In early spring 2010, Brown Pelicans were gearing up for breeding season on southeastern Louisiana’s Cat Island, the fourth largest pelican rookery in the Gulf of Mexico. Squadrons of the stocky seabirds had flocked to the small island off the coast of Plaquemines Parish to rear their young in nests atop eight-foot-tall mangrove trees, sharing the oasis with thriving colonies of wading birds and gulls. Then disaster struck.
On April 20, 2010, BP’s Deepwater Horizon oil rig exploded. Of the 4 million-plus gallons of oil that rushed into the Gulf of Mexico, more than one-third made its way to Cat Bay. “The island’s pelicans were literally choking in oil,” says National Audubon Society Vice President Doug Meffert. Recent research calculates bird deaths from the spill to be a whopping one million.
But the birds were not the only victims. Cat Island itself—the landmass closest to where oil entered the bay—absorbed the toxic substance. The mangroves withered and died, and by 2013 the once-teeming rookery was completely barren. Without the mangroves’ tough-as-nails root systems to keep sediment compact and in place, the island began to rapidly erode. “After the spill, Cat Island dissolved like a sugar cube in a cup of coffee,” says P.J. Hahn, former Plaquemines Parish coastal zone manager. All that’s left is a narrow .2-acre shoal of sand and dead sticks, barely visible during high tide. The last count, in 2008, suggested nearly 1,000 Brown Pelicans nested on the island—today, there are none.
“Five years ago on a nice day, the area above Cat Island would be dark with birds,” says Hahn. “Now you can count them by hand if there are any at all.”
Now, finally, a half-decade after the disaster, Cat Island is getting a second chance. Construction will begin this summer to rebuild the island to 30 acres. The restoration can’t come soon enough. Brown Pelicans imprint on the place where they are born and return there to lay eggs. If that area disappears or becomes too degraded, birds born there simply stop reproducing—as has happened with the Cat Island pelicans, which haven’t bred on the shrinking landmass since 2010.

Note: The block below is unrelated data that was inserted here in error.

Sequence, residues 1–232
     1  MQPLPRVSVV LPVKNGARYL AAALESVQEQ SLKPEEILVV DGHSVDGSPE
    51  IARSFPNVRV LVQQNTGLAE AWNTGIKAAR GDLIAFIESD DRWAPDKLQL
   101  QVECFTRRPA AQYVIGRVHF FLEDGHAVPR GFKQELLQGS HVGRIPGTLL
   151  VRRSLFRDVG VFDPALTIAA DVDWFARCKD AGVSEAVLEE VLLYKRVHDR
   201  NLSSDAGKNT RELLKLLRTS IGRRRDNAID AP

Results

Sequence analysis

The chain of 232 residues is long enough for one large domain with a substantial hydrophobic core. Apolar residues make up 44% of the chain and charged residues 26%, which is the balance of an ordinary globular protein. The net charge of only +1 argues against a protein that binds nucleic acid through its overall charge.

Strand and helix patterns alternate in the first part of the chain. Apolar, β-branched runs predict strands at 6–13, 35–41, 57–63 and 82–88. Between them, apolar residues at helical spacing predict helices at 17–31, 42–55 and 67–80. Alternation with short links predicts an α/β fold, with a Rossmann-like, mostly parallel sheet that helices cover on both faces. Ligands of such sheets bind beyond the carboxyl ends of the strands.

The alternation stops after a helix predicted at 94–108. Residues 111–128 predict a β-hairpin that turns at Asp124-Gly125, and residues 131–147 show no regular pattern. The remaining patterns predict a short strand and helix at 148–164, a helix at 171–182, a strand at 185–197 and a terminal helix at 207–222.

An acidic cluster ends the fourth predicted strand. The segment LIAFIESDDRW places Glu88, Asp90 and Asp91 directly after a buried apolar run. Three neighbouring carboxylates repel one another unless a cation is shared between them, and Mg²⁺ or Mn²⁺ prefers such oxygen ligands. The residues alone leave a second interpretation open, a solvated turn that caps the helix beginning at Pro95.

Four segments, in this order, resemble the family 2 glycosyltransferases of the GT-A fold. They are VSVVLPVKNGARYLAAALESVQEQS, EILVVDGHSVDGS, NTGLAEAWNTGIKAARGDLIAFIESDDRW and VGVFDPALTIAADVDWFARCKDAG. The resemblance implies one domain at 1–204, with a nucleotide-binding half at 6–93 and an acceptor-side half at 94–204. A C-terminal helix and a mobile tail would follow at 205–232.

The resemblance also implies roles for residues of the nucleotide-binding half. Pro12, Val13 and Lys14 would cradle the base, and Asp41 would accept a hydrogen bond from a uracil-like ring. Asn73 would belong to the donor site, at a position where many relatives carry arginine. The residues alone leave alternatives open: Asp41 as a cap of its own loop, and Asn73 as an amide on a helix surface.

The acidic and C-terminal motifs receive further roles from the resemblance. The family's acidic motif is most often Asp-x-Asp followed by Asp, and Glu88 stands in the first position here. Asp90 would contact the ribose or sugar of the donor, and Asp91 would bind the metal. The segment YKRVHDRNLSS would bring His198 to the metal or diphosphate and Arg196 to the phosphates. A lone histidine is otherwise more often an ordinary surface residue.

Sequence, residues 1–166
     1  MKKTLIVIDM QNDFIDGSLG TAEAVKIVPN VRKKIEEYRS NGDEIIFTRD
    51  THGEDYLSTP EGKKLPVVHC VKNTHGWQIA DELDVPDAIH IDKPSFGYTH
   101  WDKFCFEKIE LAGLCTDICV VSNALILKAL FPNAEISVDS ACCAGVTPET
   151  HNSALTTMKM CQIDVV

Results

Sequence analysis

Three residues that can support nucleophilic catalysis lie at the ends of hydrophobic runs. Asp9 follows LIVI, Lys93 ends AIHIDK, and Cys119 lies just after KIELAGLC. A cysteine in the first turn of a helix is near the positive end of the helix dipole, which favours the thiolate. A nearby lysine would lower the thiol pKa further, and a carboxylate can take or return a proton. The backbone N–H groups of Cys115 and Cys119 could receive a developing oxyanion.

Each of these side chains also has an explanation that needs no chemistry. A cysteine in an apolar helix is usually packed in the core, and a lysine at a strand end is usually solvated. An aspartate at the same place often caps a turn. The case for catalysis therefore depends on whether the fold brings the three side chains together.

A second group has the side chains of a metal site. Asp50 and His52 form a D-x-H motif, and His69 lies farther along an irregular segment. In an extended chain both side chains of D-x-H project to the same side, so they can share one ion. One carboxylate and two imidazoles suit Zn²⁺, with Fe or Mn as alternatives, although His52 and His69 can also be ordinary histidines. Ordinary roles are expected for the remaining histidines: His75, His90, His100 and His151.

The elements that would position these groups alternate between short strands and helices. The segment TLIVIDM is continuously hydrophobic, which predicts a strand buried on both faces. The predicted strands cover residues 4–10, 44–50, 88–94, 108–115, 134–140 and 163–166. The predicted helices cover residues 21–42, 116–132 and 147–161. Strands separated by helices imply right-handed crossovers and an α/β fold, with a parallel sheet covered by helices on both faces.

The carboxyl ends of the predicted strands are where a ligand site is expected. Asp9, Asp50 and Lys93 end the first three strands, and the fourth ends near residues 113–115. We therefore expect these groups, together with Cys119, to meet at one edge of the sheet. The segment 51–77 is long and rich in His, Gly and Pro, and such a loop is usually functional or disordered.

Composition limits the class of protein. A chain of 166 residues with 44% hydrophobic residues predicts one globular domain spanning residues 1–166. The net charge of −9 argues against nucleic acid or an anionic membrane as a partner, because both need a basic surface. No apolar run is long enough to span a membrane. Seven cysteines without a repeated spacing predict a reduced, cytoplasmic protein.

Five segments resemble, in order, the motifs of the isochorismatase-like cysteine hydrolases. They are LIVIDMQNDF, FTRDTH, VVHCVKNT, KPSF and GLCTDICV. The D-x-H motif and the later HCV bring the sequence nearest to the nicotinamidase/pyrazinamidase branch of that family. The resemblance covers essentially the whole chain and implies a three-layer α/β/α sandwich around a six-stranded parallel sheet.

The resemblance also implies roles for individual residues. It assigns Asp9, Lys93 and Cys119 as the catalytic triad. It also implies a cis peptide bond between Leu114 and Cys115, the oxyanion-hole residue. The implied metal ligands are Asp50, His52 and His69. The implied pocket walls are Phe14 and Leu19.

To restore Cat Island to its former bird-filled glory, the parish will build up its base with imported sediment that the Army Corps of Engineers dredges up from Mississippi River canals. Once that ground is stable, Plaquemines and its partners will plant black mangrove volunteers to reestablish the trees so critical to pelican nesting. In the meantime, the parish and the Corps will build elevated nesting platforms. Migratory birds will also gain ground: The outer shores of the island, for instance, will be composed of imported dry sand—the preferred nesting surface for species like the American Oystercatcher.
The project will cost $6 million, but none of it will come from BP’s $4 billion compensation pot (most of that has gone to Louisiana’s State Master Plan). Instead, the plucky parish has found their own way forward: Plaquemines raised $3 million in restoration funds from Apache Oil, Shell Oil, and American Bird Conservancy. In January 2015, the RESTORE Act Council approved Plaquemines’ Multiyear Restoration Plan, pitching in the extra $3 million needed to begin work, which will take an estimated eight months. If all goes according to plan, by the 2016 nesting season, the elevated nesting platforms—and the solid ground beneath them—will be firmly in place.
“We need to be proactive,” says Hahn, who still works with the Plaquemines Coastal Zone Management through his recently founded firm, Pelican Consulting LLC. “If there’s no more habitat, there will be no more birds— simple as that.”